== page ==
Effective recycling of Co and Sr from Co/Sr-bearing wastewater via an integrated Fe coagulation and hematite precipitation approach
College of Forest Resources and Environmental Science
Flocculant overdose has been considered an inefficient technique for precipitating heavy metals from wastewater at low levels due to the high yield of hazardous waste sludge that should be treated properly before it can be disposed of safely in landfills. This problem was effectively solved in this study via a novel method that recycles sludge separately into high-purity hematite and heavy metal-bearing products. The wastewater, which contained 10.3 mg/L of Co and 4.8 mg/L of Sr, was coagulated by adding ferric salt to generate Co/Sr-bearing sludge. The sludge was dissolved in HNO3, followed by hydrothermal treatment with the addition of organic matter (e.g. methanol or isopropanol). Without the addition of organic matter, only 56.5% of total Fe was removed as irregular hematite particles, whilst Co/Sr remained unchanged in the acid. Over 99.5% of total Fe was eliminated as hematite nanoparticles with 97.7% Fe2O3 content, but more than 98% Co/Sr remained in the acid when methanol with a molar ratio (Mmethanol/MFe) of 5 was added. Nearly 100% Co was precipitated by adjusting the pH of the acid to 8 to generate Co hydroxide with 83.9% purity. Meanwhile, the residual Sr was further precipitated by adding Na2CO3 to generate SrCO3 with 96.8% purity. Isopropanol achieved total Fe removal similar to that of methanol. The optimal molar ratio (MIsopropanol/MFe) was 1, which corresponded to the removal of 98.7% total Fe. Methanol and isopropanol can react with NO3− in acid to reduce NO2− concentration and improve acid pH, promoting hydrolysis followed by the crystallisation of ferric Fe with hematite as the final product. This paper is the first report on an environment-friendly method for enriching Co/Sr without generating any waste.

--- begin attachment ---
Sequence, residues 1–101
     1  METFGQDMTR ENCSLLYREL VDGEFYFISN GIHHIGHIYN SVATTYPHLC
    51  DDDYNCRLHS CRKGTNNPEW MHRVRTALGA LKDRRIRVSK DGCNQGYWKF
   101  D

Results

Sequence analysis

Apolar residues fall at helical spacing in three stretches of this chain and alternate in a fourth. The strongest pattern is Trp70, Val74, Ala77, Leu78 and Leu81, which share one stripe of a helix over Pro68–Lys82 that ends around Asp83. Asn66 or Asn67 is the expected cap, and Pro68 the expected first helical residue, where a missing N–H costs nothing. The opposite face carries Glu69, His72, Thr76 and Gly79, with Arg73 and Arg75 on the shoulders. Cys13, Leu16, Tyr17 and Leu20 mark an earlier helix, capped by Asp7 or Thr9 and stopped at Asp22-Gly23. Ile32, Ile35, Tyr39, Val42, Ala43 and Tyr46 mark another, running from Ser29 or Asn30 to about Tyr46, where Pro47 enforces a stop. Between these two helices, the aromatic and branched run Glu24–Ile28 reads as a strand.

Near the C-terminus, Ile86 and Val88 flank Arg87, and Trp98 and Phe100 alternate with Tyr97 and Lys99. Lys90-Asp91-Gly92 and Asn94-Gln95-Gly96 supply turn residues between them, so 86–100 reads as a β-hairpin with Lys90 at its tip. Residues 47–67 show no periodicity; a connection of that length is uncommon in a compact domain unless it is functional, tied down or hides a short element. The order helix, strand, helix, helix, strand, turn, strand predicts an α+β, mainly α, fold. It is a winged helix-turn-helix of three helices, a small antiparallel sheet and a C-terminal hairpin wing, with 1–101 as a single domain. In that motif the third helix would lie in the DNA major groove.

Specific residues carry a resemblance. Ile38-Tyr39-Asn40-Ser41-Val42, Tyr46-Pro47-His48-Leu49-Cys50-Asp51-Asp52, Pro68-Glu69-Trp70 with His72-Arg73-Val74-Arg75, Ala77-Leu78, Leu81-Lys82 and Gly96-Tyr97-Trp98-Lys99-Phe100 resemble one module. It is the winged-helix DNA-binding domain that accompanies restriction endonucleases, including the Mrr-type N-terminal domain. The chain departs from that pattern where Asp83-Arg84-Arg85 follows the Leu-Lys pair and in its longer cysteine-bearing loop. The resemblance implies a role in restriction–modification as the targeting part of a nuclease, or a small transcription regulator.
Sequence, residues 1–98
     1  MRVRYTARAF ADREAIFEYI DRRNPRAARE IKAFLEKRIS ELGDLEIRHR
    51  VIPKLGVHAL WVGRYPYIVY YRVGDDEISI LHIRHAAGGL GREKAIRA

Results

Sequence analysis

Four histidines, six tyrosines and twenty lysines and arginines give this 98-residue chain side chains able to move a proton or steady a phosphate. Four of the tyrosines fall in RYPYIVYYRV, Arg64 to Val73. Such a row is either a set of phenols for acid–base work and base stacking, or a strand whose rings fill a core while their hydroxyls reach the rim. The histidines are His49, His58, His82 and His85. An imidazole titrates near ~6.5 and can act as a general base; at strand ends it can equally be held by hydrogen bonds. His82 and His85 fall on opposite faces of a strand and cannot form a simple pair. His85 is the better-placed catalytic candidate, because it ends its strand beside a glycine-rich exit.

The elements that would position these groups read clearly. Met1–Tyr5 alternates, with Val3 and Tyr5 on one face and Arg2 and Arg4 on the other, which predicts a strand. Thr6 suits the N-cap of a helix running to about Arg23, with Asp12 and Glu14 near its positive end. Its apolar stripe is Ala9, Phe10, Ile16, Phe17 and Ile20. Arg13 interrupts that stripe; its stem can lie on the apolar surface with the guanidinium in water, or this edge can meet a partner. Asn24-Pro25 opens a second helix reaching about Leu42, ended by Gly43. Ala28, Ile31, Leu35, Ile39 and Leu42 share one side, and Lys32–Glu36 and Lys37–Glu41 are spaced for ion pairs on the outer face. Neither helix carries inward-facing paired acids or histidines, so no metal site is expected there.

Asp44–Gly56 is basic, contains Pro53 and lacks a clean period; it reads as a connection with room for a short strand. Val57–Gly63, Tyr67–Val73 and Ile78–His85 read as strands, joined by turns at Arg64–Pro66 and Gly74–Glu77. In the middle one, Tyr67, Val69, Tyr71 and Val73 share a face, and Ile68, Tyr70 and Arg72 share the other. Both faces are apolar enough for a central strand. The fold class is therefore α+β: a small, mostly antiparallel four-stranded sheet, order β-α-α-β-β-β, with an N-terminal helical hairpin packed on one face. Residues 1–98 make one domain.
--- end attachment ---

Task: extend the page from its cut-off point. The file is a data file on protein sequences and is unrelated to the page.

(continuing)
Effective recycling of Co and Sr from Co/Sr-bearing wastewater via an integrated Fe coagulation and hematite precipitation approach.
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